I would use 'et to describe the forward face of the building and tlhop to describe only the area in front of it. I would think that someone who wanted to use tlhop for the forward face was overly influenced by the word front in the definition of tlhop. Would they also argue that retlh instead of Dop was correct for the side face? Probably not, because in English we don't confuse beside with side.
I don't like 'et any better than tlhop. They both refer to areas, not surfaces. I haven't found a resonably short way to comfortably refer to the front surface of a thing. Though I find that I am fine using Dop to refer to either the area of the side (not area to the side) or the surface of the side. I'll have to give more thought to why I want to treat tlhop and Dop differently.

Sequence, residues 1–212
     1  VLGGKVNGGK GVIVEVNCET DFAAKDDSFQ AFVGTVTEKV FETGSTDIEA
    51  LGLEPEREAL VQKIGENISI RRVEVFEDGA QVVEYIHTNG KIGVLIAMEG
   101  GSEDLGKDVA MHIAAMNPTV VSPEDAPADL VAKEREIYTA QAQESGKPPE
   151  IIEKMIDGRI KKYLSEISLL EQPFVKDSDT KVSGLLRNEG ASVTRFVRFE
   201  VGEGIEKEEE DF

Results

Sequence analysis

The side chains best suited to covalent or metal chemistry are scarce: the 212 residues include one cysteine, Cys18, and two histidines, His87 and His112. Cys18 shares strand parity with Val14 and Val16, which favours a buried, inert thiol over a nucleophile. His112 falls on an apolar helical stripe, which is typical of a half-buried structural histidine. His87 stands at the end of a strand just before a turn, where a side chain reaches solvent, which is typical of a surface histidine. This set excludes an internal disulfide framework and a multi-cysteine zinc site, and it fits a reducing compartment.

I don't see any reason to believe that 'et fore refers to an area. A Duj 'et is the actual bow of a ship, not an area.
Now, I have a bit of a problem imagining qach 'et as the front face of a building rather than the whole front section of the building. All the rooms with windows facing front might be part of the qach 'et. I might go with qach 'et reD building's fore's exterior wall. It still seems clumsy.
I would accept qach 'et as the front face of the building or the front section. When I'm standing on the street bitching about how ugly it is, they are essentially the same, but I can see the need to differentiate, and then I'd go with David's qach 'et reD. It's no clumsier than front face of the building or the building's exterior facade facing the street. I think the front of the building in English could have the same ambiguity. The front of the building is offices, with residences at the back.